I will dismiss Count Two of Mellor's amended complaint. To the extent that he is able to allege facts to meet the standard for same-sex sexual harassment set forth in Bibby, Mellor may amend his complaint. See Shane v. Fauver, 213 F.3d 113, 116 (3d Cir. 2000) (holding district court should not dismiss a plaintiff's claims "without either granting leave to amend or concluding that any amendment would be futile").

II. Count Three: Retaliation

Count Three of Mellor's amended complaint asserts a claim for retaliation based on disability and sexual harassment. To establish a prima facie case of retaliation under the ADA or under Title VII, Mellor must show that (1) he engaged in protected activity; (2) he suffered an adverse employment action; and (3) a causal link exists between the protected activity and the adverse action. See Moore v. City of Phila., 461 F.3d 331, 340-41 (3d Cir. 2006) (Title VII retaliation); Larkin v. Methacton Sch. Dist., 773 F. Supp. 2d 508, 529-30 (E.D. Pa. 2011) (ADA retaliation). Formal EEOC complaints as well as informal complaints to management may qualify as protected activity for purposes of a retaliation claim. Curay-Cramer v. Ursuline Acad. of Wilmington, Del., Inc., 450 F.3d 130, 135 (3d Cir. 2006). Temporal proximity between a protected activity and an adverse employment action may be sufficient to create an inference of a causal connection in some cases, but it must be "unusually suggestive" to do so. LeBoon v. Lancaster Jewish Cmty. Ctr. Ass'n, 503 F.3d 217, 232 (3d Cir. 2007). For example, it has been held that two days between the protected activity and the alleged retaliation sufficed to support an inference of a causal connection between the two. Jalil v. Avdel Corp., 873 F.2d 701, 708 (3d Cir. 1989). In contrast, a two-month lapse between protected activity and an adverse employment action has been held to be insufficient to support a claim of retaliation. Williams v. Phila. Hous. Auth. Police Dep't, 380 F.3d 751, 760-61 (3d Cir. 2004).

I find that the allegations in Mellor's amended complaint are insufficient to support his claim for retaliation to the extent that it is based on disability. A good faith request for an accommodation constitutes protected activity under the ADA. Larkin v. Methacton Sch. Dist., 773 F. Supp. 2d 508, 529-30 (E.D. Pa. 2011), citing Shellenberger v. Summit Bancorp, Inc., 318 F.3d 183, 191 (3d Cir. 2003). Mellor contends that he complained to AFL about its failure to accommodate his hearing impairment. Am. Compl. ¶ 24. The amended complaint does not identify what accommodation, if any, Mellor sought for his hearing impairment. See Williams, 380 F.3d at 759 n.2 (3d Cir.2004) ("[A] plaintiff need only show that she had a reasonable, good faith belief that she was entitled to request the reasonable accommodation she requested.").

Nor does it identify when he made his complaint or whether he made his complaint to a supervisor. Mellor's threadbare claim that he "complained to AFL" is insufficient to allege a protected activity. Even if it were, his amended complaint does not sufficiently allege a causal connection between his complaint that AFL failed to accommodate his hearing impairment and any alleged adverse action. There are no allegations in the amended complaint to demonstrate an unusually suggestive temporal connection between Mellor's complaint of failure to accommodate and any alleged adverse employment action and Mellor has not alleged any other facts to establish a causal link.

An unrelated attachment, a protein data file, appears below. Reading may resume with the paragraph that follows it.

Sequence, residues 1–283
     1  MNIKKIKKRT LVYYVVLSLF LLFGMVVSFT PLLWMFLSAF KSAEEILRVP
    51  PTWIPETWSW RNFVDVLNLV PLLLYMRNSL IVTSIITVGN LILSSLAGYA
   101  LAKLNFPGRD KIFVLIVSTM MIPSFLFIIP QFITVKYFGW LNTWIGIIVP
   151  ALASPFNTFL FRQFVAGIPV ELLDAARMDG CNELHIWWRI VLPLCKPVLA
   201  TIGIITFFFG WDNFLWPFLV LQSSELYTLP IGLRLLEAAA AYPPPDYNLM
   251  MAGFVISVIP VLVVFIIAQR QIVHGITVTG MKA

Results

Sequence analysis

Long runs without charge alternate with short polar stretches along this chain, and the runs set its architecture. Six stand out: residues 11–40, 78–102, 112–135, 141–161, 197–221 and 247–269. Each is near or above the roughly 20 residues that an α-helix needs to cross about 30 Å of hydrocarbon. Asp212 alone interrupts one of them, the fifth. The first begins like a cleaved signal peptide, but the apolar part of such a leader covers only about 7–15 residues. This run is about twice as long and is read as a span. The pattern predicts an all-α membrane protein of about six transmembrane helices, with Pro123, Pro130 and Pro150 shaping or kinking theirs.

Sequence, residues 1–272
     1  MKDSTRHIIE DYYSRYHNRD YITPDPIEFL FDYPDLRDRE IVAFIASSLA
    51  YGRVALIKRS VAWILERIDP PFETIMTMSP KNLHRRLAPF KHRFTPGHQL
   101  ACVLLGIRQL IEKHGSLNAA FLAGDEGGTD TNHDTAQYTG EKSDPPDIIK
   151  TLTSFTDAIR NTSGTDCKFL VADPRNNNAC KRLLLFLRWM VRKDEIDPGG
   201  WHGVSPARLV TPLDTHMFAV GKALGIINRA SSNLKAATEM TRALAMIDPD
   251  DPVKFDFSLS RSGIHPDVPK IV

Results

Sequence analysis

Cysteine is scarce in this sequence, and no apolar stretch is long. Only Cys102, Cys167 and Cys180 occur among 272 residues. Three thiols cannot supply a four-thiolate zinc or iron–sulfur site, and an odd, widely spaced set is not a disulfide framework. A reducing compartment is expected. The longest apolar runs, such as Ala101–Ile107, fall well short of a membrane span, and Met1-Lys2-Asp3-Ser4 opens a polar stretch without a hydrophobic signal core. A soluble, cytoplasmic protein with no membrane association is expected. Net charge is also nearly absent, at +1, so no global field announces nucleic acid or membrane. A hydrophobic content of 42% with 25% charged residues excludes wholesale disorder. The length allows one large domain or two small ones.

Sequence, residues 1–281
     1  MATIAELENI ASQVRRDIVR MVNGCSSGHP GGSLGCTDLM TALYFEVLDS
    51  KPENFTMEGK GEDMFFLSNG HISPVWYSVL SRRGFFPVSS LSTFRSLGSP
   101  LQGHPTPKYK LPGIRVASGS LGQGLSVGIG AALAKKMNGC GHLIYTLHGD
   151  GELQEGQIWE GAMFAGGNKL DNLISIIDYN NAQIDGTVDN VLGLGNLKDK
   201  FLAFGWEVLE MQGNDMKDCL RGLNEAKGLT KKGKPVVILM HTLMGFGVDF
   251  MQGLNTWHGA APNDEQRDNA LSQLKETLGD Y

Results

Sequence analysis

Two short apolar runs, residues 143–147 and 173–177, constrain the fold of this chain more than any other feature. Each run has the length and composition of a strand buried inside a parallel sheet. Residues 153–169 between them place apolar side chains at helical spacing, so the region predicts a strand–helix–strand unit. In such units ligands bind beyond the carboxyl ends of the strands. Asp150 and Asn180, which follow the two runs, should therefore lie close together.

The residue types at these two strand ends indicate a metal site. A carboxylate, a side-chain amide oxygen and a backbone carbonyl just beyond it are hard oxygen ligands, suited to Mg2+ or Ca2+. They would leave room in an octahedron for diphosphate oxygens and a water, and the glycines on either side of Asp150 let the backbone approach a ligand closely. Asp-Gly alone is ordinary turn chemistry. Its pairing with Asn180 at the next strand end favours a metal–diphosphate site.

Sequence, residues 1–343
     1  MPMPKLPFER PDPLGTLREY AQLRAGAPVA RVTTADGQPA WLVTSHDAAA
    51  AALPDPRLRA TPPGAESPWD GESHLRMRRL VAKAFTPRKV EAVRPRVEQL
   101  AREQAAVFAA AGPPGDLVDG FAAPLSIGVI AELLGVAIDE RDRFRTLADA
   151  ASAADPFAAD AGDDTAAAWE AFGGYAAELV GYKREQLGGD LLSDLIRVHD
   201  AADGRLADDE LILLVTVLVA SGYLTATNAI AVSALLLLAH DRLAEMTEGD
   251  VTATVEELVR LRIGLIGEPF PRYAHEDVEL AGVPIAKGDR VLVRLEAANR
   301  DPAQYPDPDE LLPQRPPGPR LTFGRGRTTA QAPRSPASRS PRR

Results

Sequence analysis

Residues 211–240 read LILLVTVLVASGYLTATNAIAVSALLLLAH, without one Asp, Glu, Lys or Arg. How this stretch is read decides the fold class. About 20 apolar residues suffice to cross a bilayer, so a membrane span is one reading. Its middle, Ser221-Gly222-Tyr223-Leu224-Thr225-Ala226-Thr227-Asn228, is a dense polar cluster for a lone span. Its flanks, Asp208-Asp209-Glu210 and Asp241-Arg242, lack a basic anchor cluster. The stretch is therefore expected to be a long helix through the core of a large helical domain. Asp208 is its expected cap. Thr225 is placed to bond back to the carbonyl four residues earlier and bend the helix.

I also find that Mellor's allegations are insufficient to support his claim for retaliation under Title VII. "[A]n employer [may not] 'discriminate against' an employee . . . because that individual 'opposed any practice' made unlawful by title VII or 'made a charge, testified, assisted, or participated in' a Title VII proceeding or investigation." Burlington Northern & Santa Fe Rwy. v. White, 548 U.S. 53, 56 (2006), quoting 42 U.S.C. § 2000e-3(a). Mellor asserts that he "reported the harassing and discriminating comments to which he was being subjected to Rick Pulons, Operations Manager," and that Marsha, an AFL Vice President was present on at least three of the occasions when Mellor complained to Pulons.*fn4 Id. at ¶ 34. First, as set forth above, Mellor's allegations are insufficient to establish that the complained of conduct was unlawful under Title VII. Second, even his allegations were sufficient to establish that he complained about conduct that was unlawful under Title VII, Mellor's amended complaint does not sufficiently allege a causal connection between his complaints to Pulons and Marsha and his termination.

The timing of the events alleged in the amended complaint is not so close as to be unusually suggestive of retaliation. Although the amended complaint states that Keck's allegedly harassing conduct occurred in March and May of 2009, Mellor does not identify when he made his alleged complaints to Pulons. If Mellor complained to Pulons at the time of the alleged harassing conduct, he was not terminated until August 3, 2009, more than two months later. Because Mellor's amended complaint does not allege any other facts to support an inference that AFL terminated him because of his complaints to Pulons, I find that his amended complaint is insufficient to allow for an inference that his termination was causally connected to Mellor's complaints to Pulons.

I will dismiss Count Two of Mellor's amended complaint. To the extent that Mellor is able to allege sufficient facts set forth a claim of retaliation, he may amend his complaint. See Shane, 213 F.3d at 116 (holding district court should not dismiss a plaintiff's claims "without either granting leave to amend or concluding that any amendment would be futile").

An appropriate Order follows.